RI Secretariat Goals:
1) Increase membership of women to 30% and promote women in leadership positions by June 2023
2) Support Rotary Fellowship and Action Groups that bring together members from around the world
3) Develop a Strategic Plan for DEI

What Clubs can do:
• Create DEI initiatives – Rotary Club of Ann Arbor (RCAA) has established the Anti-Racism Committee (ARC)
• Invite DEI experts to speak – we have had a number of them speak at our Wednesday meetings
• Connect with local organizations that support DEI – our Club has worked with the Interfaith Council for Peace and Justice

ARC has also considered the following:
• Encourage underrepresented groups to join
• Encourage members to take “Building a Diverse Club” in the RI Learning Center
• Create a community advisory board

District 6380 has begun to develop DEI initiatives. The first meeting was on December 20, 2020. There were 30 people in attendance; 5 from RCAA.

Marcia Lane told us about ARC resources that will be available on the RCAA website soon:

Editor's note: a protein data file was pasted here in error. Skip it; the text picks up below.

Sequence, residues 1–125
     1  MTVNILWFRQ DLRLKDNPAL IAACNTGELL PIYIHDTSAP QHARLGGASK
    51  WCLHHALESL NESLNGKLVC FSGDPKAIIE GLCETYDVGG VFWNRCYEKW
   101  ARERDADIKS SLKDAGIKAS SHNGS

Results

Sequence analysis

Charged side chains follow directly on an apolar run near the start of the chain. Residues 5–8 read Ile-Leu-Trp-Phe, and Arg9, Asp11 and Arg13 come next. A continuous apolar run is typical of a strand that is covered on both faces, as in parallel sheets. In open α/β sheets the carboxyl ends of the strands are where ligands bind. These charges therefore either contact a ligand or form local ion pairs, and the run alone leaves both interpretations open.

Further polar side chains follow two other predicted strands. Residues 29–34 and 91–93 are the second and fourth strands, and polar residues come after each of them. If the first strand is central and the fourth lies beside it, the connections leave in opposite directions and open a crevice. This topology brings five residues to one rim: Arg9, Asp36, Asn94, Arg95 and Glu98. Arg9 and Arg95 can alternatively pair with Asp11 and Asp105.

• Articles
• Books
• Films
• Videos
• Photos and Images
• A “What Can I do” section with volunteer opportunities with community organizations and an information chart with options for outreach with organizations that work toward greater DEI in our community.
• Archive of speakers you may have missed

Marcia invited RCAA members to attend the meetings of the committee whether they wish to join or just learn. Currently there is a business meeting on the 2nd Tuesday of each month at 1:30 PM and a discussion meeting (including articles and videos) on the 4th Tuesday of each month at 1:30 PM. If you are interested, please contact Marcia Lane.

President Joanne Pierson

President Joanne announced that there are still 40 members that have not paid their Community Service Assessment (CSA). This is the money that we use to do our good work in the community.

There are many volunteer opportunities within our Club. We need meeting reporters – Contact Agnes Reading; and we need photographers – Contact Loren Heinonen.

We were reminded that the 19th Wine Women and Song is on January 28 at 7:30 PM. It’s virtual this year. Please let Shelley MacMillan know that you are coming.

A report on the January 20, 2021 Board meeting. The new “Elects” were in attendance at that meeting:
• Kathy Waugh – Secretary
• Linda Carter (Director of Youth Development)
• Dawn Johnson (Director of Club Service)
• Roy More (Director of Club Outreach)
• John Sepp (Director of Youth Development) – 1 year